‘We’re telling them we exist’: FIFA to discuss possible Israel expulsion as Palestine women’s team makes history

Less than a week after the United Nations passed a resolution favouring Palestinian membership, FIFA is the next global governing body set to enter the discussion as they address a proposal to expel Israel from international football.

The proposal was formally submitted by the Palestinian Football Association (PFA) in March for discussion at FIFA’s 74th annual Congress in Bangkok, where member nations and the executive committee have been gathered since Wednesday to vote on a number of key issues.

These include the international match calendar and deciding the host nation of the 2027 Women’s World Cup.

A bald white man stands at a blue podium wearing a suit, speaking into a microphone with a slide in the background

FIFA will vote on a proposal introduced by the Palestinian Football Association to expel Israel from world football due to violations of international law.(Getty Images: Apinya Rittipo)

The PFA’s proposal, which has been endorsed by several powerful members of the West Asia Football Federation, including Jordan, Qatar, Saudi Arabia, and the UAE, calls upon FIFA to “respect and protect all internationally recognised human rights, as explicitly outlined in more than a few articles in its statutes, by addressing the grave human rights and humanitarian law violations committed by Israel”.

More specifically, the PFA highlights the “complicity demonstrated by the Israel Football Association (IFA) in its continued inclusion of football teams located in the territory of occupied Palestine within its national league,” arguing the football association is “providing moral, economic, and practical support to the occupation” of Palestinian territories.

“The IFA is complicit in the Israeli government’s violations against Palestinian football,” the submission says.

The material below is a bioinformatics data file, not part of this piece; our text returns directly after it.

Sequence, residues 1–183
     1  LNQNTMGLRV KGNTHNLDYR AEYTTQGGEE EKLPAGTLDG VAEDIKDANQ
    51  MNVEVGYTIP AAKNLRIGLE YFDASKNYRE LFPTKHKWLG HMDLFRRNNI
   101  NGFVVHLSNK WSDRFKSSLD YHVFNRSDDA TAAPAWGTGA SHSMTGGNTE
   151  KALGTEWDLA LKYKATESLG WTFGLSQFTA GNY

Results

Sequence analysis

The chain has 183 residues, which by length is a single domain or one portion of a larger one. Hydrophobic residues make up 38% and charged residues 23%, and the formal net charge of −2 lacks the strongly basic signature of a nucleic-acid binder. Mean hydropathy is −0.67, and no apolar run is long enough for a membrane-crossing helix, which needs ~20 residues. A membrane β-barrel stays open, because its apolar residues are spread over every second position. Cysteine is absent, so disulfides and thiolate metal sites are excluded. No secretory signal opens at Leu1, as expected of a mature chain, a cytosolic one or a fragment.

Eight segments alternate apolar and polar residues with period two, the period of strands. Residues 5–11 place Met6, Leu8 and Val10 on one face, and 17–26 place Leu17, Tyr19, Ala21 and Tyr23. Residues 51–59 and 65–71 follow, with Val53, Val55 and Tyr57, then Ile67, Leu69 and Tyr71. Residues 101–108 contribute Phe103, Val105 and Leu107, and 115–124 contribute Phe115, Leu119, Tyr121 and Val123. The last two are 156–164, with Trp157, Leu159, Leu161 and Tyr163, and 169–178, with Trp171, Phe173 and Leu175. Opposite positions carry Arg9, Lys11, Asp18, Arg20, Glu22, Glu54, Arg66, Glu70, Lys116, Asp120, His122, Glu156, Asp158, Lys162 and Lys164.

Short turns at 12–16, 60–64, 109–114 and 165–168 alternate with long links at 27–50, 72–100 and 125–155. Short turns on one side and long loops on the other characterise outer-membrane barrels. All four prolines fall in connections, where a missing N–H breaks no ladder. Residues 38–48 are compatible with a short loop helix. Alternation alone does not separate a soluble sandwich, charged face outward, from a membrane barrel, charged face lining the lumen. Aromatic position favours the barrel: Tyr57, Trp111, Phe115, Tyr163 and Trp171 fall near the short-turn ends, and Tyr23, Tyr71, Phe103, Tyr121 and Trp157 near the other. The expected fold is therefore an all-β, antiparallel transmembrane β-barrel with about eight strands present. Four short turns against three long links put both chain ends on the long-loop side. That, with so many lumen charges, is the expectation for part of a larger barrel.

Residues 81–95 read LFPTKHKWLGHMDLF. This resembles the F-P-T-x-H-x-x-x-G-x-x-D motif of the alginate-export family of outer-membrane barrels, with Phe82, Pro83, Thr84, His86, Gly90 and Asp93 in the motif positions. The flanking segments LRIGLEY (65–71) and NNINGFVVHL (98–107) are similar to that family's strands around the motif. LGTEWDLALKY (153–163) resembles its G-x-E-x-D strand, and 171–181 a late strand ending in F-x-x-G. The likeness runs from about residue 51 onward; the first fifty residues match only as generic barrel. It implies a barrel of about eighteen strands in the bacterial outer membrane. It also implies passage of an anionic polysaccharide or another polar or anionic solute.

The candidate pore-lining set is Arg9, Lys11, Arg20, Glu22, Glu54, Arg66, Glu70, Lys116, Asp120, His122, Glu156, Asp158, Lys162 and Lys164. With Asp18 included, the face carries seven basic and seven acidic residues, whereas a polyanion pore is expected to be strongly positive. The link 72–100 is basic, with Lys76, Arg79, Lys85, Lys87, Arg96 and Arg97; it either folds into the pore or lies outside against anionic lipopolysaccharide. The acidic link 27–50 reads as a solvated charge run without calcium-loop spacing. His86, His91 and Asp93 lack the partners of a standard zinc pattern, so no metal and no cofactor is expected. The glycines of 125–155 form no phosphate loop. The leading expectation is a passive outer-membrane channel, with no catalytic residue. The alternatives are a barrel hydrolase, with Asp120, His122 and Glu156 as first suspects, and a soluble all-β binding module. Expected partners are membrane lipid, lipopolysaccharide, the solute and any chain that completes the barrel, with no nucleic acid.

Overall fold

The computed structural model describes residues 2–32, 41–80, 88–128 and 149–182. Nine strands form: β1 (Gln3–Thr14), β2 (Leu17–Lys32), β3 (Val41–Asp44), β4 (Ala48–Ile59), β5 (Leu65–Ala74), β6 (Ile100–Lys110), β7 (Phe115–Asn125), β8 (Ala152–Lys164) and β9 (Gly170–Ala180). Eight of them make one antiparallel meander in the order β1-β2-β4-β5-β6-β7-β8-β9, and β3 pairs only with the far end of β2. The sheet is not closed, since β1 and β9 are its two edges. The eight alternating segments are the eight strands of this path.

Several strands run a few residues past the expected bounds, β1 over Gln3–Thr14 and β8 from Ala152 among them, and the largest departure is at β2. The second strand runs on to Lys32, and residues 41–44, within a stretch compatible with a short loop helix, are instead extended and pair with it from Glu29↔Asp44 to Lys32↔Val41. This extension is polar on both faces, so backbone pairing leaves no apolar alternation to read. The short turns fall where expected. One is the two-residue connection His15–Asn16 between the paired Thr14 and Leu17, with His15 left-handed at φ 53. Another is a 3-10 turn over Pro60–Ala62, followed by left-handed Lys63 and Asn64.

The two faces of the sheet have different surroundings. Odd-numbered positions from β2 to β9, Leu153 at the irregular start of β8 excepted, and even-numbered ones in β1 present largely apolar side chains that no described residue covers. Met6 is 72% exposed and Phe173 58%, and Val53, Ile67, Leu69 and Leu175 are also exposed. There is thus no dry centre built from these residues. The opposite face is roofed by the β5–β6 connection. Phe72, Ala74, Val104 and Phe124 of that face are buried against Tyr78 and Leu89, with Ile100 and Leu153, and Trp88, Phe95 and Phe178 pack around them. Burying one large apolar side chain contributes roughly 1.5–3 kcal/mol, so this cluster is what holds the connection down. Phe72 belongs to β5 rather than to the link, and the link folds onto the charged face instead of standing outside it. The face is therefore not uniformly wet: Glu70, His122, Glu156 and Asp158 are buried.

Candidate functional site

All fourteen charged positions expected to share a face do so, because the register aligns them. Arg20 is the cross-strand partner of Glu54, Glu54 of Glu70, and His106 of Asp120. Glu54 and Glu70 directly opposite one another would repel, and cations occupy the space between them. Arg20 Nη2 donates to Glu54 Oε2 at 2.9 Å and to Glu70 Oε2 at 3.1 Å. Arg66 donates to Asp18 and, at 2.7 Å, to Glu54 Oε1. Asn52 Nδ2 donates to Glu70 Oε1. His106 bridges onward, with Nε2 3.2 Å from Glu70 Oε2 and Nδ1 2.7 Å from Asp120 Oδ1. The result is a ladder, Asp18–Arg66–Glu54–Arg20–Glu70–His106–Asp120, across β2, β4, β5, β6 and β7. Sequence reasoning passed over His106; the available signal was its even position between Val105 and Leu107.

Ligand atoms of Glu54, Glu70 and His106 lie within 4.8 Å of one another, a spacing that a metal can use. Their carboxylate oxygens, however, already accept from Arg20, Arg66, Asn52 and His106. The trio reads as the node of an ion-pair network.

Citing several of FIFA’s own statutes, the PFA calls upon the governing body to observe their public commitment to upholding internationally-recognised human rights, prohibiting discrimination of any kind, and promoting friendly relations between member associations, which includes article 71.2 that “Member associations and their clubs may not play on the territory of another member association without the latter’s approval.”

The proposal also notes the IFA’s repeated failure to “take action against discrimination and racism within its jurisdiction,” pointing to Israeli club Beitar Jerusalem FC, described as “the most racist club in Israel” for its supporters’ public anti-Arab and anti-Muslim sentiments, with banners reading “Death to Arabs” and “Forever Pure” common among its ultras community.

According to the PFA, around 100 footballers have been part of the tens of thousands of Palestinians killed over the course of the conflict, in addition to the destruction of football facilities and infrastructure.

Soccer fans hold a large banner with a Palestinian flag during a game

Large banners have been unfurled at several World Cup games, including the Group A opener between Qatar and the Netherlands.(Getty Images: Harry Langer/DeFodi Images)

In a February letter to FIFA, 12 nations from the Asian Football Confederation (AFC) wrote to FIFA and all its member nations calling for Israel’s exclusion from world football due to these violations.

“We, the West Asian Football Federations, encompassing all its members, call upon FIFA, the football confederations, and member associations to join us in taking a decisive stand against the atrocities committed in Palestine and the war crimes in Gaza by condemning the killing of innocent civilians including players, coaches, referees, and officials, the destruction of the football infrastructure, and taking a united front in isolating the Israeli Football Association from all football-related activities until these acts of aggression cease,” the letter said.

This is not the first time the PFA have considered a proposal regarding Israel’s exclusion to the FIFA Congress. A similar initiative was considered back in 2015, with the PFA arguing the IFA restricted the freedom of movement of players inside Palestine’s occupied territories, but this proposal was dropped by the PFA just before the vote.

Instead, FIFA passed a proposal introduced by former president Sepp Blatter to create a multilateral committee of observers to monitor the issue.

Football Australia, represented at the congress by newly-elected chairman Anter Isaac, has been caught in the middle, asked by groups from both sides of the conflict to vote in one way or another if the congress decides to progress the proposal to that stage.